The key was in the simplicity of the slogan. It got to the heart of the matter and, more to the point, it was inherently shareable. The slogan tee is a wearable placard, that’s been utilised by an array of designers, from originators like Katherine Hamnett to emerging creatives like Kayla Robinson, who want to lay their political cards on the table and help wearers do the same.
But, like anything which has its roots in dissent but grows in popularity, slogan tees have become commercialised. Dior’s SS16 take on Chimamanda Ngozi Adiche’s words cost a cool £490 (it now costs £690) and was largely lumped in with the mid 2010s wave of commodity feminism. Today Shein, which can churn out as many as 10,000 new products a day, sells t-shirts emblazoned with “reduce, reuse, recycle”, and “save the earth”. Sustainable fashion editor Brett Staniland, who shared the styles on Twitter said, “I dunno if I’m laughing or crying real tears.”
The ease with which the slogan tee has been commercialised and stripped of meaning could be why style, rather than slogans, is back in focus. The alté movement in Nigeria, for instance, which challenges conservative values and supports equal rights for women and the LGBTQ+ community is typified by individualistic, Y2K-inspired style. Crop tops, fishnet, makeup and heels for men, and punk pop meets skate styling are all part of the look. This freedom in style acts as a display of support for the freedom to live the life you want.
President of the Amazon Labour Union Chris Smalls has captured the public imagination not just for his eloquence and determination but for his refusal to emulate the corporate attire of those he’s fighting against. “If I was to run for president, I would look just like this,” Smalls told the New York Times. “I’d walk in the White House with a pair of Jordans on because this is who I am as a person.” (Incidentally, Smalls isn’t afraid of a slogan either, he wore an ‘Eat the Rich’ jacket by Roku Studio to meet Joe Biden at the White House. Predictably, rip-offs have flooded the internet.)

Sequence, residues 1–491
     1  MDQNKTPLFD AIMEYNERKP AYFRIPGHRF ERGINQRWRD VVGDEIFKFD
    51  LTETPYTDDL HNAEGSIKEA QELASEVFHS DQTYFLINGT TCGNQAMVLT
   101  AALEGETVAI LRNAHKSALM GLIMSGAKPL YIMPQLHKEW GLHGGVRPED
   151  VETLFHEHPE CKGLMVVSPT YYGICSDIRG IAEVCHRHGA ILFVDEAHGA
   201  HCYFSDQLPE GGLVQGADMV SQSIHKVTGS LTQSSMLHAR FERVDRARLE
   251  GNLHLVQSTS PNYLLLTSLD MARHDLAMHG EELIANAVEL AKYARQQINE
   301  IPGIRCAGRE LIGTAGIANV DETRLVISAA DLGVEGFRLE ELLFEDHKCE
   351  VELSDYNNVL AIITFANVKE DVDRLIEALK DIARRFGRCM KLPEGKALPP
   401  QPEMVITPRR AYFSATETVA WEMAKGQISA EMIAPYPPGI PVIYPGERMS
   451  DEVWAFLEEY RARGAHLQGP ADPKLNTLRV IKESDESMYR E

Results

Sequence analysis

Style, rather than slogans, is back in focus
While Smalls’ casual (and, it has to be said, totally enviable) style is about presenting as his authentic self, others have chosen formality. Stylist Gabriel M. Garmon, when planning a demonstration in remembrance of George Floyd in 2020, encouraged attendees to wear suits, shirts, and ties as a mark of respect. The result was one of the sharpest looking marches you’ve ever seen, reminiscent of the dark suits and Sunday best worn during the Civil Rights marches of the 1960s.
“As a young African-American man, it was powerful to me to see a well-adorned person who had my skin colour. To see how he carried himself, and how he moved. It’s our way of wanting to step forward,” said organiser Eddie Eads.
Criticism often lodged against fashion is that it’s fickle, shallow even. And yes, in some contexts it can be. But for pro-democracy protesters in Hong Kong wearing all-black, Black Trans Lives Matter supporters wearing white, or “dripped out trade unionists” on the picket line, fashion and clothing take on a higher meaning. For the collective, they represent solidarity, identity, and defiance.